This summer, our home got decidedly livelier with the addition of a new family member. Of course, Iâ€™m talking about a puppy.
Just to clarify, we still have Phantom, my beautiful and brilliant bird finding machine. This past season was our best yet, and at age 7 she was just hitting her prime.
However, a health scare this spring, which Phantom now seems to be recovering from nicely, prompted me to consider getting another pup.
A decision had to be made, and although I always swore Iâ€™d never have two dogs at once, that rule has since flown out the proverbial window. We picked up the pup in late June, not as a replacement for Phantom, but to boost her spirits and relieve her in the field as needed.
So far, heâ€™s definitely perked her up, when he isnâ€™t driving her (and us) crazy. Phantomâ€™s new buddy is Komet, who also happens to be her first cousin.
Komet might be more my wifeâ€™s dog than mine, as she was the one who actually picked him out, and they bonded immediately.
But, as fall approaches, the tide may be turning. After all, Iâ€™ll be the one taking him hunting.
Thatâ€™s right, despite being only four months old, Komet will have likely went on his first hunt by the time you read this. Although heâ€™s too small to pull full duty this season, he should be able to fill in for Phantom when she needs a break.
Weâ€™ve been training all summer to ensure his success. One benefit of having two dogs is that the younger one learns from observing the older one.
Some of those things learned are good, some not, but thatâ€™s the chance you take. In Kometâ€™s case, watching Phantom train each day quickly showed him what was expected.
The basic foundational commands I use to train a bird dog are sit, fetch, here and drop. Sit is taught to instill steadiness and calmness before tossing the bumper. Somehow, my wife had Komet taught to sit within a matter of days.
From there, it was up to me. By watching Phantom retrieve, Komet knew the commands already, so we were ahead of the game in that regard.
However, trusting him to follow those commands was another matter, so Komet began his fetch work on a check cord, which is just a fancy name for a long leash.
I started with a short check cord and then progressed to a longer one. He would run to fetch the bumper just fine, but getting him to recall (here) was another matter, hence the check cord, which I used to reel him in like a thrashing catfish.
Once he finally delivered the bumper to me, either willingly or unwillingly, getting him to drop it became the new challenge. Some epic battles ensued, and with his sharp puppy teeth, I was often on the losing end.
Eventually, I got tired of dealing with the check cord getting tangled up around Kometâ€™s legs and mine. At this point, I was convinced he knew the commands, even if he didnâ€™t always obey them.
It was time to go off leash, so I turned to the most effective item in a dog trainerâ€™s bag of tricks â€” treats.
With a pocket full of bite-sized dog biscuits, I commanded Komet to sit, then threw the bumper and yelled â€śfetchâ€ť followed by â€śhereâ€ť once he picked it up. To my surprise, Komet actually ran back to me, and when he saw the biscuit in my hand immediately dropped the bumper at my feet.
As expected, there were some setbacks. At one point, biscuits became less appealing than running around a tree with the bumper in a fun (for Komet) game of keep-away. We took a couple days off from training and then went back to the check cord for a few sessions.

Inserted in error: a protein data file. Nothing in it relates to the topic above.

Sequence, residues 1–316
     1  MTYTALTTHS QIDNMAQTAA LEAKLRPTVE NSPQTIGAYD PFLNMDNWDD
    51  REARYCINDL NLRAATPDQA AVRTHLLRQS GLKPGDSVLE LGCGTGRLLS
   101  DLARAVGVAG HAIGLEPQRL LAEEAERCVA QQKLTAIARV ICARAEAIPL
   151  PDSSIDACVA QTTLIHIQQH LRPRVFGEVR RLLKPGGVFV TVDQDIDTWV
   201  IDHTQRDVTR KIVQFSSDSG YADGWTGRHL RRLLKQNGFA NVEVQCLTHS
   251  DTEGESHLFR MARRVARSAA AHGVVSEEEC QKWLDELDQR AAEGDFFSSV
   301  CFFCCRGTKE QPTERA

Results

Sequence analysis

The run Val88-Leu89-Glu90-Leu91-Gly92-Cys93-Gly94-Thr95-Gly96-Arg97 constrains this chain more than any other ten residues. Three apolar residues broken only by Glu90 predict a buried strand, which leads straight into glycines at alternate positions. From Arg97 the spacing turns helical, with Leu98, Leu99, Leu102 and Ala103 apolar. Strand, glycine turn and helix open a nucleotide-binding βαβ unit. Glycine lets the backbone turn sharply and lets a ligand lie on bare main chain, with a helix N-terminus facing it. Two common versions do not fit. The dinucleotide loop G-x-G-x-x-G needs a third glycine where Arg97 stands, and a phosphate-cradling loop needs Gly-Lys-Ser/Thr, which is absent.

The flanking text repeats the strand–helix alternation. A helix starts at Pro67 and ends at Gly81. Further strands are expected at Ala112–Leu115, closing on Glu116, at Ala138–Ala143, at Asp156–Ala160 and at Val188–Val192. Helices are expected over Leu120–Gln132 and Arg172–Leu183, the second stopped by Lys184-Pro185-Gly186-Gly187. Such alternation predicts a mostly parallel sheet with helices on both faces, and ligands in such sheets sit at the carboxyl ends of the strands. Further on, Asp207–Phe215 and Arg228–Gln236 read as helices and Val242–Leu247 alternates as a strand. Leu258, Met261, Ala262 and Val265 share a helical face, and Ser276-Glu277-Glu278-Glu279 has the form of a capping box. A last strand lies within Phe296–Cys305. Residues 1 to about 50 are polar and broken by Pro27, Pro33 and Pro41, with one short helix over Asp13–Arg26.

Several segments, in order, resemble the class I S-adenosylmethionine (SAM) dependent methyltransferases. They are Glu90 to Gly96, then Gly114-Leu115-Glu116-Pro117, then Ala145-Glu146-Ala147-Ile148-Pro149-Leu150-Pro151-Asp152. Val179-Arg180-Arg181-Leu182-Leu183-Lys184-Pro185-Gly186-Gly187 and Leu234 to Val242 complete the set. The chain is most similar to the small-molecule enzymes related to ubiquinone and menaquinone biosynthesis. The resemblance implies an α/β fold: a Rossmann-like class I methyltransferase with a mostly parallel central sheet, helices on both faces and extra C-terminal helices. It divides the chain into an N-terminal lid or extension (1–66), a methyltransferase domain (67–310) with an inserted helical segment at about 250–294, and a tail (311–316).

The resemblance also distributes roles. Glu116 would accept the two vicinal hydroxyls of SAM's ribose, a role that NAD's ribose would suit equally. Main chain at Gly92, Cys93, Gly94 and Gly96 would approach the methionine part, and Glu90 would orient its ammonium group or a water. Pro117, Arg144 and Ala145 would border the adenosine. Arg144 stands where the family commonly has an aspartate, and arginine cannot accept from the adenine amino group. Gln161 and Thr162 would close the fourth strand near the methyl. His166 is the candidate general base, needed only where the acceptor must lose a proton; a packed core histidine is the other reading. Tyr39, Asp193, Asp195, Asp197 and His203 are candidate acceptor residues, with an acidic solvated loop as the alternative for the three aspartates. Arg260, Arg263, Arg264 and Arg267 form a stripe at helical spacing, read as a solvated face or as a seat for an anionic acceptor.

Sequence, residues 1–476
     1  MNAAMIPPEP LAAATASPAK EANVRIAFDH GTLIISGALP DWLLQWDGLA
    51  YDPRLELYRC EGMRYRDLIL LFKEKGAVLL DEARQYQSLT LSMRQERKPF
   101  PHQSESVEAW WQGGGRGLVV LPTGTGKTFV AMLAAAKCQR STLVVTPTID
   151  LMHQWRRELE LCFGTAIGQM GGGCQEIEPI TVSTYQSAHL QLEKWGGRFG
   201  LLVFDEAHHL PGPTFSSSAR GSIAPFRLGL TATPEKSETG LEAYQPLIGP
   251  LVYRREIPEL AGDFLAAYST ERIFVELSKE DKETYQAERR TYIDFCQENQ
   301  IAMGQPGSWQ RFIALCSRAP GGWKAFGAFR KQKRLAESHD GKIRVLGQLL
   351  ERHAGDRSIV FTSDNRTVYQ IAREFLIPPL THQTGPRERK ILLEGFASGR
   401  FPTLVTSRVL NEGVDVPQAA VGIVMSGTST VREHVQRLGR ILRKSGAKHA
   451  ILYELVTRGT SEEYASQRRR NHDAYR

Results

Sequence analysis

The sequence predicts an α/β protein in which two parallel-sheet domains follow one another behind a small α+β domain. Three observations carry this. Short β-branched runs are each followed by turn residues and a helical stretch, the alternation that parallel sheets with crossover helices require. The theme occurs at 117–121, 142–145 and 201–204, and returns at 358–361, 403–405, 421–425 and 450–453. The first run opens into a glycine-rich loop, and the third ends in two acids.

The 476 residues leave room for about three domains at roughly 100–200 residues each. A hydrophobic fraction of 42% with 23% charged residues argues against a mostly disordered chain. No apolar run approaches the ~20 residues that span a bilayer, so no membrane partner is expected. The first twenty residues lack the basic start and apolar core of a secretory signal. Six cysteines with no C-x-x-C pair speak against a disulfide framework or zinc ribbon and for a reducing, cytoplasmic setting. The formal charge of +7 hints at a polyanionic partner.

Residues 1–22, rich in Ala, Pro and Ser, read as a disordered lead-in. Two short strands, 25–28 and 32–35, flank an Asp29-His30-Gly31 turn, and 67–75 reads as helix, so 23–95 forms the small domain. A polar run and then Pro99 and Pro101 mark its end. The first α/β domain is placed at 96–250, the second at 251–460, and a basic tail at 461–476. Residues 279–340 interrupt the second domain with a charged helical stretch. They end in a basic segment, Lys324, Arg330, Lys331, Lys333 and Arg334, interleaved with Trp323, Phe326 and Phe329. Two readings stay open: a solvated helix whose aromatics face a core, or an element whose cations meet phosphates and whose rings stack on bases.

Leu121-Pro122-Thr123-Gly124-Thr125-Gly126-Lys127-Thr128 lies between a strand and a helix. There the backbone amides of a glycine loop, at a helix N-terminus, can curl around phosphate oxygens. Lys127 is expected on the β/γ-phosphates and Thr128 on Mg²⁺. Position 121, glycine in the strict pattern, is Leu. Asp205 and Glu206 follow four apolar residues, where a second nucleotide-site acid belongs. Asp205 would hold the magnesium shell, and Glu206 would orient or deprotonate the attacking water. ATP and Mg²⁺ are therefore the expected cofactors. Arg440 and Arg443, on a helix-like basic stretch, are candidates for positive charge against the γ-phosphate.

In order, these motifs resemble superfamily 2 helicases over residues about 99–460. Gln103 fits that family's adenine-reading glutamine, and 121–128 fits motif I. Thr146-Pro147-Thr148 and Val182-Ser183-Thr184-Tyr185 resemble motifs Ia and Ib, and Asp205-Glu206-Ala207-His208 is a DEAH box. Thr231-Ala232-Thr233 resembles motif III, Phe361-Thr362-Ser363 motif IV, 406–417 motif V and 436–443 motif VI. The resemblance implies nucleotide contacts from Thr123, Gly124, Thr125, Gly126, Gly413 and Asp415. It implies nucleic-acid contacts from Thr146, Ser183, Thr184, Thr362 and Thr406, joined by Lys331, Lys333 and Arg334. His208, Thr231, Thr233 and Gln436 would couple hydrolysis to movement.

Komet got the message, and within a week we were back to biscuits and retrieving off-leash. We strive for three or four good retrieves per session and then quit while weâ€™re ahead.
Treats may seem like a cop-out, but I remembered how on my initial hunts with Trigger some 20-plus years ago I still had a bag of dog biscuits in my hunting vest to ensure heâ€™d bring the birds to me. Trigger was over eight months old at the time. Komet will be only half that age when he enters the fray, so some Milk Bone encouragement only makes sense.
Hunting puppies also need to be properly introduced to water and gunfire. Swimming was no problem. We simply took Komet to the local dog park and led him into the lake. He swam like a fish.
For gunfire introduction, my brother-in-law and I took the dogs out in the country to a favorite hunting spot and turned them loose.
While they were running around, I loaded a blank Kent training round into my old single-shot 12-gauge. Kent blanks make less noise than a standard shotshell. While Komet was chasing Phantom around the field, I fired.
He looked up briefly and then continued running around. I fired three rounds total, all with no noticeable reaction.
A week later, my wife and I repeated the process, and Komet actually ran towards me when I fired the gun. Komet is not gun-shy.
Crate training took only a few days. We put Kometâ€™s crate next to Phantomâ€™s at night so he could see and hear her sleeping. Crate training is essential as it provides a safe way to transport your animal in a vehicle, as well as a place to confine them in the house.
Most dogs come to view their crate as their personal den where they can calmly rest.
Walking at heel is a challenging command, and weâ€™re still working on that. Likewise, we still donâ€™t fully trust Komet to be completely housebroken yet.
All that will come in time, though. Once youâ€™ve sold your soul to the dog and gun lifestyle, any amount of torture these tiny canines may put us through is well worth it when that first point is struck, that first shot is taken and that first bird is retrieved.
For Komet, the adventure is just beginning. For me, the adventure is beginning anew.